You probably know it as Myanmar, but it'll always be Burma to Appellate Judge Dan Mancini.
Our reviews of Seinfeld: Seasons One And Two (published May 18th, 2005), Seinfeld: Season Three (published June 8th, 2005), Seinfeld: Season Four (published August 22nd, 2005), Seinfeld: Season Five (published February 15th, 2006), Seinfeld: Season Six (published February 15th, 2006), Seinfeld: Season Seven (published November 13th, 2006), and Seinfeld: The Complete Series (published November 6th, 2007) are also available.
"George, George, this is a little too much for me—escaped convicts, fugitive sex…I've got a cockfight to focus on."—Jerry Seinfeld, "The Little Jerry"
Seinfeld co-creator and head writer Larry David (Curb Your Enthusiasm) always had a love/loath relationship with the show. The supplements contained in the first six volumes of the series on DVD reveal David as a man terrified and bewildered by his own success. He was embittered when the show's pilot—a mid-season replacement in 1989—was just successful enough that NBC ordered four more episodes. It's not that he wanted a larger order; writing the pilot had so exhausted him he couldn't imagine going through the process four more times.
When the show's abbreviated first season garnered a small but loyal fanbase and much critical acclaim, encouraging NBC to order a 12-episode second season, David was distraught. How could he continue to shoulder the stress of writing and producing a weekly sitcom? It was killing him. Things soon got worse: NBC ordered a full 23-episode third season.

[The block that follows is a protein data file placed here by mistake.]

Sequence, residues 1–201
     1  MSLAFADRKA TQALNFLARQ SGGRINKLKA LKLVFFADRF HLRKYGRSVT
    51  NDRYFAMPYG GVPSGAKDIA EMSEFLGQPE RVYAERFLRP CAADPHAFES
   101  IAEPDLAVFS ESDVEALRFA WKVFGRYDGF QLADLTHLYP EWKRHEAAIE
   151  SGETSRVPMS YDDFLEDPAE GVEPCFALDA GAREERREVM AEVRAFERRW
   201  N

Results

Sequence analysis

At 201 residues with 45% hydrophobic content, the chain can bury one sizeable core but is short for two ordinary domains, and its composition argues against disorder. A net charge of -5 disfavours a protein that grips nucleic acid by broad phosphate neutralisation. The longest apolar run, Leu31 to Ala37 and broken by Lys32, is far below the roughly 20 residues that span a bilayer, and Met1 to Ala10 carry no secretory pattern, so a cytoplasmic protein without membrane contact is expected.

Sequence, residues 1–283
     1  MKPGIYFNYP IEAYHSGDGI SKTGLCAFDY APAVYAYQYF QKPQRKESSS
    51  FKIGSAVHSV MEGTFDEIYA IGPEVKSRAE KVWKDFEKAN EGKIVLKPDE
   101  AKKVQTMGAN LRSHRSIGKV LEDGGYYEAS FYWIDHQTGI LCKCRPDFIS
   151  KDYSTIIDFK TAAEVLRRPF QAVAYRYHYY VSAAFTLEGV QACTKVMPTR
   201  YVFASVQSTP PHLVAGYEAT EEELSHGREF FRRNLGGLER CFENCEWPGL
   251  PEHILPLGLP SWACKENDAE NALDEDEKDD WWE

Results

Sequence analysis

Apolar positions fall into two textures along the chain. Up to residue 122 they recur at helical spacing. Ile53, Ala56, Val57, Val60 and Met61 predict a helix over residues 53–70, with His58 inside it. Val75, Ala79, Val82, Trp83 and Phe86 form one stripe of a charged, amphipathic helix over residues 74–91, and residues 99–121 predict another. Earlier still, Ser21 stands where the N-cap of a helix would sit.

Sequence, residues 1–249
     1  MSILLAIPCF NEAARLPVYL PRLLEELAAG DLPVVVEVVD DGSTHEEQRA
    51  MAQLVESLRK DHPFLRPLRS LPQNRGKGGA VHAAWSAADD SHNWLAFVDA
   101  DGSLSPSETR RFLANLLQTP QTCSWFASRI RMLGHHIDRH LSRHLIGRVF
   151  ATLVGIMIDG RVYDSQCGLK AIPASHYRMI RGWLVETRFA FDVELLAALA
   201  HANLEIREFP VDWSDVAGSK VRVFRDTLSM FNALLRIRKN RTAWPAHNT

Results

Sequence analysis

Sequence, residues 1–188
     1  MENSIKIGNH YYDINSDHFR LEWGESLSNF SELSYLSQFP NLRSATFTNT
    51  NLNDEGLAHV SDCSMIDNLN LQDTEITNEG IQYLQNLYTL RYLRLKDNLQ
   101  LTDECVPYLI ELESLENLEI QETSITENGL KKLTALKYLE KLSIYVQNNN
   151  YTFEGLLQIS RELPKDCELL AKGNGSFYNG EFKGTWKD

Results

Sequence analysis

When, during its fourth season, the network moved Seinfeld to the prime slot on Thursday night after Cheers in order to test its viability as NBC's new Must-See TV anchor, David was outraged: How could they treat his show like Cheers' "little brother?" Beginning with the fifth or sixth season, David began proclaiming he was leaving the show. His threats to leave became such a mainstay of the Seinfeld season wraps, everyone involved with the show assumed he was all talk and no action. Then, at the end of Season Seven, he actually quit, leaving everyone wondering if the show could survive without him.
It did, of course, and Seinfeld: Season Eight brings us the first batch of post-David episodes of the series. So, how do they measure up?
Facts of the Case
In case you spent the '90s in a monastery or as a biodome guinea pig or something, Seinfeld chronicles the off-kilter life of a semi-fictional version of stand-up comic Jerry Seinfeld. Thirtysomething, single, and living in New York City, Jerry mostly hangs out with his three loser friends: George Costanza (Jason Alexander, Pretty Woman), a short, stocky, balding, New York Yankees front office executive whose fiancée was killed by poisonous glue on their wedding invitations; Elaine Benes (Julia Louis-Drefus, Saturday Night Live), a copywriter for the J. Peterman catalog who dated Jerry once upon a time before the series' first season; and Cosmo Kramer (Michael Richards, Fridays), Jerry's hipster-doofus neighbor across the hall. The quartet hangs out at Jerry's apartment or Monk's Diner, analyzing the minutiae of their lives and landing themselves in bizarre, socially awkward situations.
Volume Seven of Seinfeld on DVD contains all 22 episodes of the eighth season, spread across four discs:
In the larger context of Seinfeld's entire run, the eighth season finds the show in decline—but only in the larger context of the series' entire run. Compared to just about any other situation comedy in the history of television, the 22 episodes here are precociously inventive and hysterically funny. It's not quite the same show it was under the watchful comedic eye of Larry David, but it's still damned good television.